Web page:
A painting of Eugenie.


They had a son who slept in this elaborate bed, the most expensive piece of furniture made during this period worked on by many French artisans.

img_1783 Napoleon III.

img_1782 Some of Eugenie’s crowns.

img_1785 By Manet, Picnic on the Grass. It was rejected by the French Academy and instead put into le Salon des Refuses, an exhibit for more unconventional paintings such as this. It was controversial because the men were of the day it was painted bringing into question the nude woman, perhaps a prostitute? Anyway, it is pretty famous these days. I don’t know about you but I often go nude when on a picnic.

Goodbye to Ibiza

A few photos taken here and there while in Ibiza, mostly on our last day.

img_1717 A night shot. As you can see, going to Dalt Vila, the top of Ibiza Town, is a cardiac workout.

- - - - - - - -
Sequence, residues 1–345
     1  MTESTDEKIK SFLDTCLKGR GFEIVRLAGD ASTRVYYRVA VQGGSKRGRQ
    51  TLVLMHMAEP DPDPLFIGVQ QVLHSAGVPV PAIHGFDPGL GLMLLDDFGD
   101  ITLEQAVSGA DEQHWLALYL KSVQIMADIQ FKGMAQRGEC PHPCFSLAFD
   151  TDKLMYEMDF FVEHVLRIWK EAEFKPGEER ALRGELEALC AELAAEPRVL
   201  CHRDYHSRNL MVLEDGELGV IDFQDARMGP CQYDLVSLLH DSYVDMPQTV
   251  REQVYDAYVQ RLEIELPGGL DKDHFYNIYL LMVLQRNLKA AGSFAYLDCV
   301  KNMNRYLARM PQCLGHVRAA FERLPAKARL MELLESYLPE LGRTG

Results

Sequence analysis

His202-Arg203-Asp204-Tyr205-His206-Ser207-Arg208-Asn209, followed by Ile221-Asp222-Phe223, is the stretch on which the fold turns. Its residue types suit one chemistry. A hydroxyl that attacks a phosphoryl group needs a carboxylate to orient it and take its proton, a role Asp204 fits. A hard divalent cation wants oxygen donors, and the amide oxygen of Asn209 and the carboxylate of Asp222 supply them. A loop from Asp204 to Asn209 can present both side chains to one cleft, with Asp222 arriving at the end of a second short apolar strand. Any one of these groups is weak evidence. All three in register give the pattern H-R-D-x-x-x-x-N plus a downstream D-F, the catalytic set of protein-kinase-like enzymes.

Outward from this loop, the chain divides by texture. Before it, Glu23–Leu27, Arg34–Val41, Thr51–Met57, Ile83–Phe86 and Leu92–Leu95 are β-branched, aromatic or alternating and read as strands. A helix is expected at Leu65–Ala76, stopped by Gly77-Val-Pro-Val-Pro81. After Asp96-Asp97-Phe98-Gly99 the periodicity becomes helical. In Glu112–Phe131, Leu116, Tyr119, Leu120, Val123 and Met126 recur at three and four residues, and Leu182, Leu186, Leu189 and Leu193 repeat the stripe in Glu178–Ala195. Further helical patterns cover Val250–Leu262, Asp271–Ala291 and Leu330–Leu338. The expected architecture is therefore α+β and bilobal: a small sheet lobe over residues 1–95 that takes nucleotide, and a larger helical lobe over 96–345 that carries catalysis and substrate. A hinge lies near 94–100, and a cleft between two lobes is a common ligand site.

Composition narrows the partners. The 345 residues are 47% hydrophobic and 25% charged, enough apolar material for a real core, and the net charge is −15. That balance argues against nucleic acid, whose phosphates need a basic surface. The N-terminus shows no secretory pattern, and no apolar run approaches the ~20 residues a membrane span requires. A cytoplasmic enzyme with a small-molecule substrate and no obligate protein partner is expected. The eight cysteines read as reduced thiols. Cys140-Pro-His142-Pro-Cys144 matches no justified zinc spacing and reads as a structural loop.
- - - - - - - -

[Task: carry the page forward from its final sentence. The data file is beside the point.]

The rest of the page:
img_1724 We had drinks here one night where the tables were set up on the steps. There were very low bean bag chairs and couches and I really had a struggle to get up at the end.

img_1729 We ate at a very good Thai restaurant while there-outside under the stars.

img_1739 Seen on a stroll around the harbor, a yacht, just a humble thing. This was the largest we saw. I always suspect Mafia money when I see these.

img_1749 A view from the back side of Ibiza Town. This was from the home of a famous architect, new to me, named Broner. He designed it and the furniture inside. It was very simple, really, with windows everywhere with light and views, and, of course, a patio at the top.

img_1757 The local market in what looks rather like a Greek temple.

img_1727 A rainbow to bid us adieu.